Scientists have been revealing the importance of gut bacteria; the huge numbers of bacterial species in our gastrointestinal tract help us digest food, and they express their own genes and produce proteins and metabolites of their own. All of those bacterial organisms can have a profound impact on our health and has grabbed a lot of research attention. But bacteria aren't the only organisms in the microbiome. Viruses and fungi are also a crucial part of it.
Reporting in Nature, scientists have found that fungi may contribute to intestinal damage that's been linked to the development of inflammatory bowel disease (IBD). While the immune system has mechanisms that can help control gut fungi, disruptions may occur that loosens that regulation.
"Fungi have been wholly understudied in part because they are vastly outnumbered by bacteria," said senior study author June Round, Ph.D., professor of pathology at University of Utah Health.
The gut microbiome is a complex system, and it will take more studies like this to understand how it all works together and with humans. The more we know about it, the more likely it will become that we can manipulate the microbiome to maintain or improve health, or potentially even treat disease. Vaccines may be one way to promote a healthy balance of gut flora and reduce the likelihood of gastrointestinal disease.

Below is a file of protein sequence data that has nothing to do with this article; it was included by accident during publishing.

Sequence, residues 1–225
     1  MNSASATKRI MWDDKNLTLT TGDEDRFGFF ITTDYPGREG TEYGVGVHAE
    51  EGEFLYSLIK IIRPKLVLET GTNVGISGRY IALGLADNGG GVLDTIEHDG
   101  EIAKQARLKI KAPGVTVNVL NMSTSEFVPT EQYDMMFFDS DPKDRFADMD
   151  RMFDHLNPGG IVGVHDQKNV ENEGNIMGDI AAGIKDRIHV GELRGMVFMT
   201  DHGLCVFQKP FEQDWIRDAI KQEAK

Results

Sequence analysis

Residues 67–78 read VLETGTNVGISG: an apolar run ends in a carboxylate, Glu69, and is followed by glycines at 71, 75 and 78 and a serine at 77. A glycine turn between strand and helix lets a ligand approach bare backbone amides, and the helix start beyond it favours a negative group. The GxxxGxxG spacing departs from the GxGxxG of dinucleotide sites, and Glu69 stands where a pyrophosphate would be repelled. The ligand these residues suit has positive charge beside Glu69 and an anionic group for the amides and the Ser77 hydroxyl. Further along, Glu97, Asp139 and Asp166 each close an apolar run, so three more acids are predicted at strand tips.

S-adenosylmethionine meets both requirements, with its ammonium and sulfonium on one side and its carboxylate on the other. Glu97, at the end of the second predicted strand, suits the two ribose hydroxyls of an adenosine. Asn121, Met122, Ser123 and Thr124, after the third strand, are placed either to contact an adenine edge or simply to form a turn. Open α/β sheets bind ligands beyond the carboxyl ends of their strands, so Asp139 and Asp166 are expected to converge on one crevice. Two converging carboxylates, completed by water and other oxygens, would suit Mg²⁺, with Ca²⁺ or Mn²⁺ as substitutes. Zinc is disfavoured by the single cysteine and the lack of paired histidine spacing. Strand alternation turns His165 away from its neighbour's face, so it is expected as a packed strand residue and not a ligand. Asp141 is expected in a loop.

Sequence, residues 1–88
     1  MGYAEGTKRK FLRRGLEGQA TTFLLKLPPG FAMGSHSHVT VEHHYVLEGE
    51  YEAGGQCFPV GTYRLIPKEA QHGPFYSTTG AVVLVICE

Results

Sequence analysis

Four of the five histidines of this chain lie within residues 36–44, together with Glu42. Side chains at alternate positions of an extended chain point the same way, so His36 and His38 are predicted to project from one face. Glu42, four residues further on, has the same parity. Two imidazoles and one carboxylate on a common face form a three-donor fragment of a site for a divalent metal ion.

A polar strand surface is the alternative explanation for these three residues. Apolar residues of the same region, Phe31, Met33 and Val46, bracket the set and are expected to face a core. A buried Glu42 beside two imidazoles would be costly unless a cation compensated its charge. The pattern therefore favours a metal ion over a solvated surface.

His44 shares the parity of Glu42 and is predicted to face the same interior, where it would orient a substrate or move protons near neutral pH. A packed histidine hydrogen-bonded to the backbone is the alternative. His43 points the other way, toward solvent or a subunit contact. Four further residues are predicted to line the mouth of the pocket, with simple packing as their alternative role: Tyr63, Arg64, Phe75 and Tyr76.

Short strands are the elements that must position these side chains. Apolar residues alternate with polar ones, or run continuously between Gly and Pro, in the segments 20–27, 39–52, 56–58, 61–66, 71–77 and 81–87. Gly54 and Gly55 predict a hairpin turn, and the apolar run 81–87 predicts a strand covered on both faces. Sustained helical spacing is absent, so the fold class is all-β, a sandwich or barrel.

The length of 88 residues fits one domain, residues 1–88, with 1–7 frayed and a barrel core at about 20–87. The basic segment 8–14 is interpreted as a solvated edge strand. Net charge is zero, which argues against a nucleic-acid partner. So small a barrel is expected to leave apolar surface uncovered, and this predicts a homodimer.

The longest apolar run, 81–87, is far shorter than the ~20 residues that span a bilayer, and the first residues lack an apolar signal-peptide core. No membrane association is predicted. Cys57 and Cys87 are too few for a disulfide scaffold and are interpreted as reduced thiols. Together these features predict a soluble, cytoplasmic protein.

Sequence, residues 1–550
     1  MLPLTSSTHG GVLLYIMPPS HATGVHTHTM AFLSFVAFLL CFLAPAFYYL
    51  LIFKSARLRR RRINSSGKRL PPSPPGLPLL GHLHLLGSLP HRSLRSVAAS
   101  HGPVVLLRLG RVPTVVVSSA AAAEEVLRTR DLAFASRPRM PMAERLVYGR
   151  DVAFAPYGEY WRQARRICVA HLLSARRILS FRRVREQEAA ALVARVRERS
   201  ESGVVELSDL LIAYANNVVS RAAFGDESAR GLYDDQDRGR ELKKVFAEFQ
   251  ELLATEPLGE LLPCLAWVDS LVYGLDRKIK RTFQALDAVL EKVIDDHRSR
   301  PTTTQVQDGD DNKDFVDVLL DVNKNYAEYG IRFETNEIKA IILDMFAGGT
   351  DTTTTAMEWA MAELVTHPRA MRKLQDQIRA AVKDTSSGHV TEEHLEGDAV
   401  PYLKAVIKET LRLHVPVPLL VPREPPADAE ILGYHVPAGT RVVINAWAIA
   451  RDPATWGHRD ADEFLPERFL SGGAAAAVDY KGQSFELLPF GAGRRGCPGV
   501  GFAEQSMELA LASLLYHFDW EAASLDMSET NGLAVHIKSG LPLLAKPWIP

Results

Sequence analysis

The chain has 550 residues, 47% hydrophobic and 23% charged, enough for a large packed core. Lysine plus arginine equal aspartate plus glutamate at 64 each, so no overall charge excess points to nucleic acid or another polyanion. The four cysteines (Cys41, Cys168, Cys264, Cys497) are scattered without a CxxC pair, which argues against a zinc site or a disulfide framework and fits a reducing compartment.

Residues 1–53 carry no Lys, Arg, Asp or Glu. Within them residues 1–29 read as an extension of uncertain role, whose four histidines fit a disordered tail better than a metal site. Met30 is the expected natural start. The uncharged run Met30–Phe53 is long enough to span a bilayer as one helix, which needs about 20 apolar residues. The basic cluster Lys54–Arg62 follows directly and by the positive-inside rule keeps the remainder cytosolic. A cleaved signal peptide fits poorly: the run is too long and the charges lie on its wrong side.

One test for a gastrointestinal disorder called Crohn's disease involves the detection of antifungal antibodies. Round's team wanted to know how fungi were related to Crohn's because it seems not to have been studied, so they assessed patient samples and a mouse model. Their work suggested that a fungal yeast called Candida albicans can cause a strong immune response in the gut.
Fungal cells with an elongated shape are called hyphae; they can stick to stuff and become invasive. The mouse model indicated that round Candida cells are harmless, but invasive forms of hyphal Candida caused intestinal damage that mimicked IBD. Usually, the immune system can target hyphal fungi, and immune cells can produce antibodies that cause fungi to shift from an invasive to a round, budding state.
"The immune system is constraining Candida to its least pathogenic form," explained lead study author Kyla Ost, Ph.D., a postdoctoral scientist in the Round lab. "This is showing us that the communication between host and microbe can be friendly, as opposed to antagonistic, in order to benefit both."
The researchers want to know whether vaccines might be a way to reduce IBD symptoms, or improve the health of the gut microbiome.
"We aim to exploit interactions with commensal microbes and the host immune system to harness microbial products for therapies," Round said